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A Traumatized Child: 14 Burdens of A Parent

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How would you describe your parent or family caregiver?

Are (or were) they supportive, loving, and caring?

Did they meet some if not most of your emotional and psychological needs?

Good parents don’t get recognized as much as they should. As a product of a very dedicated, loving, and self-less mother, I can say that a good parent makes all the difference in a cold and empty world. As a youngster, we look to our parents or guardians to protect, love, and nurture us. Unfortunately, none of us are immune to trauma and even if your childhood was the best anyone could have, trauma has a way of eroding the positive memories.

This article will highlight some of the main challenges of good parents and guardians. It is important that you know I am not only referring to parents in this article, despite the title. I am also referring to family caregivers (i.e., aunts or uncles, grandparents, Godmother or fathers, etc) and guardians or adopted/foster parents.

Trauma can include but is not limited to: domestic violence, abuse (physical, sexual, emotional/psychological), parental severe and/or untreated mental illness, an unsuspected life event or death, a tumultuous natural disaster, and loss of stability in some form (i.e., financial, environmental, etc). Trauma can also include the unexpected loss of a parent, sibling, or other family members. Whatever the trauma, parents and/or guardians/family caregivers are often burdened by the burden their loved one is caring.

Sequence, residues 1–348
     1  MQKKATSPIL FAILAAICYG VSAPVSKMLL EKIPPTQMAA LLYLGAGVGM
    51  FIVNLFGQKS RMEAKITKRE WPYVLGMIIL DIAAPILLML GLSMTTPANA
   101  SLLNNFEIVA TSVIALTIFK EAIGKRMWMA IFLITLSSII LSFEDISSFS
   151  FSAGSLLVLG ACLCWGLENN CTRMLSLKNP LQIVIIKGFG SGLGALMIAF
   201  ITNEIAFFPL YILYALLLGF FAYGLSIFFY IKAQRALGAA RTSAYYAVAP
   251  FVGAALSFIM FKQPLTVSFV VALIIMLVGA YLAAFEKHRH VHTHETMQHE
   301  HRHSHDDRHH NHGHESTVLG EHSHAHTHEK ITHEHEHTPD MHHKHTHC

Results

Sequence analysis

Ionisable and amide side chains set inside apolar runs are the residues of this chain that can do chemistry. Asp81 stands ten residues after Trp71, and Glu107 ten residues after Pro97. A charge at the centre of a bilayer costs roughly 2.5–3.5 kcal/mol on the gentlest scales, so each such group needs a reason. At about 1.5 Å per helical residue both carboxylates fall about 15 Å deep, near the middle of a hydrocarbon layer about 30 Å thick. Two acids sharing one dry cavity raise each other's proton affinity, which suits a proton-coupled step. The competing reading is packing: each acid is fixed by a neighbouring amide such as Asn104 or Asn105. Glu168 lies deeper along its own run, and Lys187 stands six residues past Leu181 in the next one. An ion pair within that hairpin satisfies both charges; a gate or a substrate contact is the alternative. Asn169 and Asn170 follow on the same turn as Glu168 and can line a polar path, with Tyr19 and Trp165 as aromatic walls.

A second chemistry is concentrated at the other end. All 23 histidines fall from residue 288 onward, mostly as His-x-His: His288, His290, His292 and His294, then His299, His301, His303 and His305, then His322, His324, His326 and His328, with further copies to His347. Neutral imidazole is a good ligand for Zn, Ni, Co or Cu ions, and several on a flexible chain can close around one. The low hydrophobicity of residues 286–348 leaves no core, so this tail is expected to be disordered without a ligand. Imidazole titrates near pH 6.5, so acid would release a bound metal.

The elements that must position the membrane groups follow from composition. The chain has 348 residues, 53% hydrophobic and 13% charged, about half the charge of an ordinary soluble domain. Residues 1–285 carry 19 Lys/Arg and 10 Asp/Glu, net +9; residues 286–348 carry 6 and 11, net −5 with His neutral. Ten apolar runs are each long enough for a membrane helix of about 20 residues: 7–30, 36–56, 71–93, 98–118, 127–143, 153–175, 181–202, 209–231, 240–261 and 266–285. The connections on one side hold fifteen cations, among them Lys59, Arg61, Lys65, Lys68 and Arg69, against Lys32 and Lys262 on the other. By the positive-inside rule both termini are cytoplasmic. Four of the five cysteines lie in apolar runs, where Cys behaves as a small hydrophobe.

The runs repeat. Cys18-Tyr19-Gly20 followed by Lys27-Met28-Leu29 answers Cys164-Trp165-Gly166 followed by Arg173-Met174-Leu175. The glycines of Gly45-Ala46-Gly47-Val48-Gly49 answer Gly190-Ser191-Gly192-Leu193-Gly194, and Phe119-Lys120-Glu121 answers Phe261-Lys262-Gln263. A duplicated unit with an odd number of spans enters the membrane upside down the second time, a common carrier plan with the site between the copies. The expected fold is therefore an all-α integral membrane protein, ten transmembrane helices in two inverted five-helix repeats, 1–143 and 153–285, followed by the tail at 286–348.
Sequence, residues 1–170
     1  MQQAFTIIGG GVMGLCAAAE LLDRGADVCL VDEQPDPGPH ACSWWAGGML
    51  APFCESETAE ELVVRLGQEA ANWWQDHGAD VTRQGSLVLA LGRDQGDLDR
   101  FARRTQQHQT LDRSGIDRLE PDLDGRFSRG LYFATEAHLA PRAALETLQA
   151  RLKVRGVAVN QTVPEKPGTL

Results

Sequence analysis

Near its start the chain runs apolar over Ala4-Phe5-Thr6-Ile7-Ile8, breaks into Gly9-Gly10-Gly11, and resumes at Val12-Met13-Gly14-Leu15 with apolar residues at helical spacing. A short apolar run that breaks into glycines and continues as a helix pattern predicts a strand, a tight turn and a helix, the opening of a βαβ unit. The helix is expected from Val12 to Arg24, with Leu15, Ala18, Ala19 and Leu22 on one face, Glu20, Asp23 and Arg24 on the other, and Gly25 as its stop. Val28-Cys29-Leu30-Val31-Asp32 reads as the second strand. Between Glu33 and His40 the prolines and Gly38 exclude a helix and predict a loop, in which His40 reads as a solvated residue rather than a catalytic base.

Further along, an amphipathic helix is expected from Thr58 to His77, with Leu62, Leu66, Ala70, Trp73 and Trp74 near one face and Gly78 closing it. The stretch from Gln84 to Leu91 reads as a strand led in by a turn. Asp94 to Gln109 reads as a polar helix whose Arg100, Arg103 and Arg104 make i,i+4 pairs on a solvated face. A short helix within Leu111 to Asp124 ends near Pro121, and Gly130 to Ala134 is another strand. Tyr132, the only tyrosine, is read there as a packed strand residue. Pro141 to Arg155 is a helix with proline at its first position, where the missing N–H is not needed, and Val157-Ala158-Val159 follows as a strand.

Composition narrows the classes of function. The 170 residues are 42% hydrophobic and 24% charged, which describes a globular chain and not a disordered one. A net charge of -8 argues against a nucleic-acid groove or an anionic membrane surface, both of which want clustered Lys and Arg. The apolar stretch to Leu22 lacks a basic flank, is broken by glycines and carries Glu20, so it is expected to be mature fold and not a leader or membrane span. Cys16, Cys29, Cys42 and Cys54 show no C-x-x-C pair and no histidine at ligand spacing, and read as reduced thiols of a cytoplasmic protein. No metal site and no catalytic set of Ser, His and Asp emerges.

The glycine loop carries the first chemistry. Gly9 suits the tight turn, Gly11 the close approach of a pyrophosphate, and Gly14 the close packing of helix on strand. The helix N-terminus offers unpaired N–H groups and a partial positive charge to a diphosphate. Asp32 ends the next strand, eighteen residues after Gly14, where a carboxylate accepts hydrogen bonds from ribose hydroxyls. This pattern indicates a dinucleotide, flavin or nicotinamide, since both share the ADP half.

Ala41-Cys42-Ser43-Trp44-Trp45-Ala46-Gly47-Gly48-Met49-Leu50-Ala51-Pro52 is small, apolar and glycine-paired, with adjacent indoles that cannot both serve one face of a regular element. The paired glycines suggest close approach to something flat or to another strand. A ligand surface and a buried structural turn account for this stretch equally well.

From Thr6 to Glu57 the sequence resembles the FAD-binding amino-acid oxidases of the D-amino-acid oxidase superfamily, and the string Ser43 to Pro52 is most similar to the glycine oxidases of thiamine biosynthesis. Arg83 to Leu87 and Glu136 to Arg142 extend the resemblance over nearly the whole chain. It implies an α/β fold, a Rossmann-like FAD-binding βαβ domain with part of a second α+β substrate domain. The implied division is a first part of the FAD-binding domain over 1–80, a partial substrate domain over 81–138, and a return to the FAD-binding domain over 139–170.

1. Sexual reactivity or promiscuity: Kids who have been sexually abused often sexually abuse or violate other kids. But it also important that I clarify that not ALL kids who are sexually abused sexually abuse others. The reason for this is unclear but some theories do surface. Some examples include but are not limited to: internalized anger that gets projected onto other kids, curiosity is piqued which causes the child to “explore” with other children, etc. It’s a sad reality that between 70%-80% of children who are sexually abused end up abusing drugs. They are also more vulnerable to other mental health conditions such as major depression, eating disorders, or suicidal ideations. One in 10 children experiences sexual abuse before their 18th birthday. When kids are sexually traumatized it isn’t unlikely that they grow into adolescents or adults who engage in prostitution or harming others with sexual obsessions. Again, this is not all children but a small percentage do struggle in the teen and adult years.
  2. Mental Health Professionals don’t understand: When a parent has observed that their child is struggling with traumatic stress the first thing they think to do is reach out to a therapist. Sadly, not all therapists are trauma therapists or have been substantially educated/trained to understand it. Of course, most therapists know about trauma because they’ve read about it or may have taken a course or two. But a small percentage of therapists are actually trained, qualified, and certified. It is important to look for someone who is certified and trained in therapy. Parents who struggle with this process are often burned as their children are unlikely to receive the support they need to heal.
  3. Other children/siblings are affected: Children who are hurt often hurt others. This isn’t the case for all children but it is something that does tend to happen in families. In fact, sexual abuse of children doesn’t always involve a stranger. Research suggests that sexual abuse tends to occur in families and by someone the child knows well. A child who is struggling with trauma may begin to project their emotions onto a sibling or may lash out at siblings. Families often cave when a child is struggling with trauma and isn’t being treated.